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CONSORT: An Important Step toward Evidence-Based Health Care

Nick Freemantle, MA; James M. Mason, PhD; Andrew Haines, MD; and Martin P. Eccles, MD
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University of York, Heslington, York Y01 5DD, United Kingdom. University College London Medical School and Royal Free Hospital School of Medicine, London NW3 2PF, United Kingdom. University of Newcastle upon Tyne, Newcastle upon Tyne NE2 4AA, United Kingdom. Requests for Reprints: Nick Freemantle, MA, Centre for Health Economics, University of York, Heslington, York Y01 5DD, United Kingdom.


Copyright ©2004 by the American College of Physicians


Ann Intern Med. 1997;126(1):81-83. doi:10.7326/0003-4819-126-1-199701010-00011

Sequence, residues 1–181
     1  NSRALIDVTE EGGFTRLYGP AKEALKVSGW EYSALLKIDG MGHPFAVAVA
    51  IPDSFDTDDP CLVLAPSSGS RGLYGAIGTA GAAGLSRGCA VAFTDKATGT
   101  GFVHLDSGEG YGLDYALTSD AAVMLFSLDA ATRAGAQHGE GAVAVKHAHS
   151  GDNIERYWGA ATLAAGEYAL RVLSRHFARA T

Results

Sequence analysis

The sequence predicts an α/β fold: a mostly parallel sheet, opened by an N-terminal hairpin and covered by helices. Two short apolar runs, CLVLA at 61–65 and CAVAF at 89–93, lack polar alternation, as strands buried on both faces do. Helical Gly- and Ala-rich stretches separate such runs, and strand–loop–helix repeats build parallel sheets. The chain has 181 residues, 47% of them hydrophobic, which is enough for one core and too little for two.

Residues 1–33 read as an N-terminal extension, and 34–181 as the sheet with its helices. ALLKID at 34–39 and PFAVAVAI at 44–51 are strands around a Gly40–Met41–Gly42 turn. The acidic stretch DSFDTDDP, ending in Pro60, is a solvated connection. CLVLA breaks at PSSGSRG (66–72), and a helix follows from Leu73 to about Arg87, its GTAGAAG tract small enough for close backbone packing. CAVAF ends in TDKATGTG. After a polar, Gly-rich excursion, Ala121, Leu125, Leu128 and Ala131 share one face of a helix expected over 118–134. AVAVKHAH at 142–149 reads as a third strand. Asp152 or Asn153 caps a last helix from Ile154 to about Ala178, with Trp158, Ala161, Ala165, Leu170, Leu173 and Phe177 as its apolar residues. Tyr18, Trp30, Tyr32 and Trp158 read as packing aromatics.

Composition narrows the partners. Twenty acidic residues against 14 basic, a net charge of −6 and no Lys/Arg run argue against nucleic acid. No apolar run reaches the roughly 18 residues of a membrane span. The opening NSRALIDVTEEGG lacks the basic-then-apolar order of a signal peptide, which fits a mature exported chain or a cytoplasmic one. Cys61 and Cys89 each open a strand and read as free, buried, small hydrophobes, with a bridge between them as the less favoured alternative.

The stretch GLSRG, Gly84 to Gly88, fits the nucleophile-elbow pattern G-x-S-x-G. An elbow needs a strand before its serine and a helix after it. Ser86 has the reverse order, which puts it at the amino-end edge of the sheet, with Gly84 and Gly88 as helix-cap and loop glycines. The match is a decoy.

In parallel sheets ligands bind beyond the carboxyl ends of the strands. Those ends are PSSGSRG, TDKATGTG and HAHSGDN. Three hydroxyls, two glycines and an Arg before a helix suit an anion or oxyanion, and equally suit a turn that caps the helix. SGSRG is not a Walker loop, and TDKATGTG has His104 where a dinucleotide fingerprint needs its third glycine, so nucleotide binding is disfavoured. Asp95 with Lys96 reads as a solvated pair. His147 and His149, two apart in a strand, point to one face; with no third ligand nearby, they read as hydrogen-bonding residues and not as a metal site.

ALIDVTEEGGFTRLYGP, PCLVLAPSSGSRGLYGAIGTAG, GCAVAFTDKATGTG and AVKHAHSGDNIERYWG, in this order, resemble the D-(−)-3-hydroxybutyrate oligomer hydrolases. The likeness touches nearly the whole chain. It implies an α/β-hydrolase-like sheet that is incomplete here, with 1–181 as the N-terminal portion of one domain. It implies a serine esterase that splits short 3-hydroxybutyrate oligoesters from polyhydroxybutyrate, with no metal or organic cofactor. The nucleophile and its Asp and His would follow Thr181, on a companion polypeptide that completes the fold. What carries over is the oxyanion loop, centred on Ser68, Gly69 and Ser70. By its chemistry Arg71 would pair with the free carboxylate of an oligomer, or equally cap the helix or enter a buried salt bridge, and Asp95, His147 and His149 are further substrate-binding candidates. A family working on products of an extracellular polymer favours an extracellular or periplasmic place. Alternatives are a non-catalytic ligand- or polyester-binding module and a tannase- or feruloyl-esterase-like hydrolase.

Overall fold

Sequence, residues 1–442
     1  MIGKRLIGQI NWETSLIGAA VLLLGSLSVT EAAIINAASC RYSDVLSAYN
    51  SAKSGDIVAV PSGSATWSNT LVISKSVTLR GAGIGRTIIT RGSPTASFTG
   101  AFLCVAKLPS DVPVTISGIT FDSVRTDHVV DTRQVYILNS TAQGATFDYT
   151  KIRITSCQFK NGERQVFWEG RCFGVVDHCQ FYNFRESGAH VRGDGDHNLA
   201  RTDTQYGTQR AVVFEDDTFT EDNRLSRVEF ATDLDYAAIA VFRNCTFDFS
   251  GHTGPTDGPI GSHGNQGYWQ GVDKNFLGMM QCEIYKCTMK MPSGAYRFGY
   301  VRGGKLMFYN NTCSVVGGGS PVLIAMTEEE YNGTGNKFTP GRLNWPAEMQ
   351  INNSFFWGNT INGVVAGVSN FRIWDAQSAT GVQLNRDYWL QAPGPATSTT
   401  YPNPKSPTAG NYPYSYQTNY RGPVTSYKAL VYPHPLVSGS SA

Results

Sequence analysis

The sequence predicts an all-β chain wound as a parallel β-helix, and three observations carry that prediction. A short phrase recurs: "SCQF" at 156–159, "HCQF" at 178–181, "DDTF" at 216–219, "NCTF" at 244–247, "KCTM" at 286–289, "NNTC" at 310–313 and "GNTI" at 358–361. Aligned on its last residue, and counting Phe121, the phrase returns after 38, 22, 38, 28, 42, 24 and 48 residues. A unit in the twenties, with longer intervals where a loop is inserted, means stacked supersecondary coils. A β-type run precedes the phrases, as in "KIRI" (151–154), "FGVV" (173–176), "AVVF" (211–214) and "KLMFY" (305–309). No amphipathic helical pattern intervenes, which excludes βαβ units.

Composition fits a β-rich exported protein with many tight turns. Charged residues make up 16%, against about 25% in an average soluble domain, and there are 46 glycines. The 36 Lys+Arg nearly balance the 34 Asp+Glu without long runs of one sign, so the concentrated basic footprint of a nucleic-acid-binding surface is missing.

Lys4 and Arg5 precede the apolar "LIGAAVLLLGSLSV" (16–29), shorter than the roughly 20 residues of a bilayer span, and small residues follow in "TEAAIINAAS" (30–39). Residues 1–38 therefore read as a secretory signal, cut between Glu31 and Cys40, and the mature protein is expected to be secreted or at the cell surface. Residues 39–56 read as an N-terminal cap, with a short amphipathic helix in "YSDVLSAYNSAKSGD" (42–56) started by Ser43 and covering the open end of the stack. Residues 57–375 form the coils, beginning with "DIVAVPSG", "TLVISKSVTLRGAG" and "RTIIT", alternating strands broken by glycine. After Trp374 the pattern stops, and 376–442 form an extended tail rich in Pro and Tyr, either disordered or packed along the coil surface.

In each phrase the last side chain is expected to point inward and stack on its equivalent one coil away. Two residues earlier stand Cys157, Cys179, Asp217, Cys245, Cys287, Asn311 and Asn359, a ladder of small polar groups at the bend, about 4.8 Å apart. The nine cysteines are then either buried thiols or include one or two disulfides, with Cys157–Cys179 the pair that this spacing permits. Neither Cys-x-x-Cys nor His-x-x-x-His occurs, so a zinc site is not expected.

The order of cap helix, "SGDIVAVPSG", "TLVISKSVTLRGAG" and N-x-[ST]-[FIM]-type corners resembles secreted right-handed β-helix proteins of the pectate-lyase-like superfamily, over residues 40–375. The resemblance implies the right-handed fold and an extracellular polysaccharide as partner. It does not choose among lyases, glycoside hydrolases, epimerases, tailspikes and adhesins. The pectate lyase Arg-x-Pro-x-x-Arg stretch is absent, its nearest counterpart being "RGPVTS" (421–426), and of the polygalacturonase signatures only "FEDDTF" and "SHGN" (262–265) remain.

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The recent publication of the Consolidated Standards of Reporting Trials (CONSORT) guidelines lines for the reporting of randomized trials [1] marks a welcome convergence of advice from the Standards of Reporting Trials (SORT) Group [2] and the Asilomar Working Group on Recommendations for the Reporting of Clinical Trials in the Biomedical Literature, which examine clinical efficacy [3]. Authors who submit papers to Annals are now being asked to adhere to the principles embodied in the sensible recommendations from these two similar but until recently largely independent projects [4]. The Lancet, JAMA, and BMJ are also adopting these recommendations. The goal of the guidelines is to improve the reporting of clinical trials. This, in turn, should enhance the interpretation and further analysis of the results of existing trials and encourage high standards in the design and conduct of future trials.

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